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The GMC Yukon XL is GMC's version of the Chevy Suburban. As its name suggests, the XL is extra-long, 20 inches longer than the standard-length Yukon. The Yukon XL is offered in half-ton or three-quarter ton capacities, and luxurious Denali models are available.
The Yukon XL is a great choice for towing cars, boats, horses, and travel trailers. A Yukon XL 1500 is rated to tow up to 8200 pounds, while the heavy-duty 2500 version can tow up to 9700 pounds. With its long wheelbase and heavy-duty construction, the Yukon XL is a highly stable platform for towing while offering the interior cargo advantages of a full-size SUV. The standard 5.3-liter V8 offers excellent horsepower and torque, and a 6.0-liter V8 is available for more towing power.
The Yukon XL seats six to nine people, depending on the seating configuration. There are many vehicles that seat seven people without taking up so much space to do it, but few quite so comfortably, nor with so much room left over for cargo.
The optional leather seats are wonderfully comfortable for long distances. The driver sits way up high and feels like he or she is master or mistress of his or her domain. The pedals adjust for long or short legs. The instruments and gauges are stylish. Interior small items storage is intelligently designed and all over, including a huge center console.
Those in the second row will find a lot of leg room. Bucket seats with a center console between them are available for the second row, turning them into first-class accommodations; and there is an optional power folding option, making it easier for third-row passengers to climb in. There's even decent legroom and good headroom in the third row, something few SUVs can claim.
At the top of the line is the Yukon XL Denali. The Denali is almost a separate breed. It has its own engine, a 6.2-liter V8 rated at 380 horsepower and 417 pound-feet of torque. The Denali also offers a more sophisticated all-wheel-drive system. The Denali comes standard with the AutoRide active electronic suspension, which is optional on the regular Yukon XL.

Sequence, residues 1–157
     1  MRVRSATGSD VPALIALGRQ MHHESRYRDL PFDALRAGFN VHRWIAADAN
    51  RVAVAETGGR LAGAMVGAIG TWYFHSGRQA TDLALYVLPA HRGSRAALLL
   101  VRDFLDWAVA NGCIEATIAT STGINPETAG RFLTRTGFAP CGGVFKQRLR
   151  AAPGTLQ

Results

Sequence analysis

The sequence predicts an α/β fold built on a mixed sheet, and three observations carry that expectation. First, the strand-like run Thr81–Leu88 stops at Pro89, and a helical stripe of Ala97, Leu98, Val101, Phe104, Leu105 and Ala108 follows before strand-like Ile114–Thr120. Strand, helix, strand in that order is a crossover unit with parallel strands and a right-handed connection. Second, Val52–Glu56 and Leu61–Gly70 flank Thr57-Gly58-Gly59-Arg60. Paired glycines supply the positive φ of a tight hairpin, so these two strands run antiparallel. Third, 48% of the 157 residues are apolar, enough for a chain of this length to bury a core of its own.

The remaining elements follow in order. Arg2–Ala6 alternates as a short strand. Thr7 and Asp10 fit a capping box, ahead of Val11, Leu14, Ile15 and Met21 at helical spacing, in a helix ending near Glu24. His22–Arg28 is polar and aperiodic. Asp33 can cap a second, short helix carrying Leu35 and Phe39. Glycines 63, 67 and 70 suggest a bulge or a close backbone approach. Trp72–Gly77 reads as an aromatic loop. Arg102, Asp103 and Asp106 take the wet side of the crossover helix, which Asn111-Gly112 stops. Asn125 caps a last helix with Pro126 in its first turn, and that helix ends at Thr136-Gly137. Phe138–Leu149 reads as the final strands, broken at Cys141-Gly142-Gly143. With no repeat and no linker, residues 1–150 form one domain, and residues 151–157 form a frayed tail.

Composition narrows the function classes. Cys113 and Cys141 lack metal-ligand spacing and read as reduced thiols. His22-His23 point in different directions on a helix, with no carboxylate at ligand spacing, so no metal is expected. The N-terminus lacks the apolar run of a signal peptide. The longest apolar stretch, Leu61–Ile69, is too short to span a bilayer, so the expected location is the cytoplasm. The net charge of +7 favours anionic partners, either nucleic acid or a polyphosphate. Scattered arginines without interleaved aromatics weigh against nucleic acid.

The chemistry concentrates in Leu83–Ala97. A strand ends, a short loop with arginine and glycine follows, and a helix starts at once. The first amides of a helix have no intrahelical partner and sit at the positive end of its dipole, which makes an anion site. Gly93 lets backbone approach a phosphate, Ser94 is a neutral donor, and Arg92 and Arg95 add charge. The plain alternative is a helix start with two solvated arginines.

A liftgate is available that raises and lowers under power, a Bose sound system, a navigation system, and a DVD rear-seat entertainment system are available, in addition to a rearview monitor that improves safety and makes it easier to hook up trailers.
The Yukon XL was completely redesigned for 2007. The 2008 Yukon XL models come standard with curtain side airbags. Yukon XL 2500-series models get a six-speed automatic for 2008, and a new 2WD version of the Yukon XL Denali is available.
The 2008 GMC Yukon XL should not be confused with the Yukon. The XL stands for Extra Long. Though the same width, the Yukon XL is about 20 inches longer than the Yukon; it's the same length as its near twin, the Chevy Suburban, measuring 18 1/2 feet.
The Suburban and Yukon XL are familiar vehicles on the road. They share styling but differ in some details. For example, the Yukon XL has a cleaner air intake below the bumper than the Suburban, a different shape for the headlights, and the grille is not split.
While very large in size, the Yukon XL looks smooth, if not sleek. The contours are gently shaped. It isn't edgy like the Cadillac Escalade is. There's not a lot of flashy chrome and the side moldings and door handles are body colored.
The running boards are integrated and unobtrusive, extending no farther than necessary, with a black grippy coating. The tinted glass behind the C-pillar is expansive, and looks nice. The front end has a clean appearance, with beefy block-like headlamps over a front bumper fascia. All the panel tolerances are a tight fit. It's nice to see that GM can produce this kind of quality.
The rear window opens separately, which is convenient. Our SLT had the optional power liftgate, and we're not sure what we would have done without it. The liftgate is aluminum, however, which makes opening and closing it manually a bit easier.